ScholarWorks > HHS > Social Work > JSSW > Vol. 3 > Iss. 3 (1976)
We define social action as a strategy to obtain limited social change at the intermediate or macro levels of society which is generally used in nonconsensus situations and employs both "norm-adhering" and "norm-testing" modes of intervention. In this formulation, the key concept is social change. This paper proposes to explore certain aspects of social change as they apply to social action.
The discussion is divided into two parts. The first is a brief summary of pertinent social change theory, presented as background for part two in which are presented and discussed certain propositions about planned change that are critical to any social action endeavor. This treatment, obviously, will not cover every subconcept of social change that is applicable to social action. Nor does it include a direct discussion of power, crucial as this is for social action; that requires a separate treatment of its own. Only five concepts are selected and discussed: social movements, crisis, conflict, resistance to change, and legitimacy.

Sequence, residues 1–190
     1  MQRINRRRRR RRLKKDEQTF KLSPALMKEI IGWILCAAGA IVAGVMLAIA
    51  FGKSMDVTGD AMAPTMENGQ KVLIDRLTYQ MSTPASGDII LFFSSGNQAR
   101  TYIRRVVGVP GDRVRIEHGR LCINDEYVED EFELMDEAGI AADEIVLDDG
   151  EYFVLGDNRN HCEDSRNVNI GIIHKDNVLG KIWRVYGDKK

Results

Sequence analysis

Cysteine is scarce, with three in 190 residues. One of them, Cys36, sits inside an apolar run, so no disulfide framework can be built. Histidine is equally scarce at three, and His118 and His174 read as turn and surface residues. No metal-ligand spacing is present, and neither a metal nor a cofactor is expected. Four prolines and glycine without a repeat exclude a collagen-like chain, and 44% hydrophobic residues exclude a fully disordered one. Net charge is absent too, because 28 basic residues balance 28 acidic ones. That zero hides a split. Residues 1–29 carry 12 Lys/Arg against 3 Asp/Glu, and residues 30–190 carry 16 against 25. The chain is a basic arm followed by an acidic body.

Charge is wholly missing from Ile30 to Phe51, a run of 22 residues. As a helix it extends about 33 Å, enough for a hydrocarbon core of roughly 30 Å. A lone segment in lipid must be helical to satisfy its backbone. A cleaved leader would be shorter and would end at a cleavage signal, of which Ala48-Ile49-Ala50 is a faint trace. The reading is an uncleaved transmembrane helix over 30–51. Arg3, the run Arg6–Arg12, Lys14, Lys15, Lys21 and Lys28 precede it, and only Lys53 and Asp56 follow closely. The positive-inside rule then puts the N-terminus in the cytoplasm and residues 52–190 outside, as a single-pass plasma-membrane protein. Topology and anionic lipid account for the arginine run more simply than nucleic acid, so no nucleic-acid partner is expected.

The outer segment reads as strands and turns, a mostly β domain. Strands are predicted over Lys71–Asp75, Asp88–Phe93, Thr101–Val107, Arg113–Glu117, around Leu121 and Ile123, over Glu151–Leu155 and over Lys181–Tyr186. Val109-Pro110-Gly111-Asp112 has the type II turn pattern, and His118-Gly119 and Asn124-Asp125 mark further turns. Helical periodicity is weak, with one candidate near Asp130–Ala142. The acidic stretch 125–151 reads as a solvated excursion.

Coughlin, Bernard J. and Khinduka, S. K.
"Social Change and Social Action,"
The Journal of Sociology & Social Welfare: Vol. 3:
3, Article 6.
Available at: https://scholarworks.wmich.edu/jssw/vol3/iss3/6
You may need to log in to your campus proxy before being granted access to the full-text above.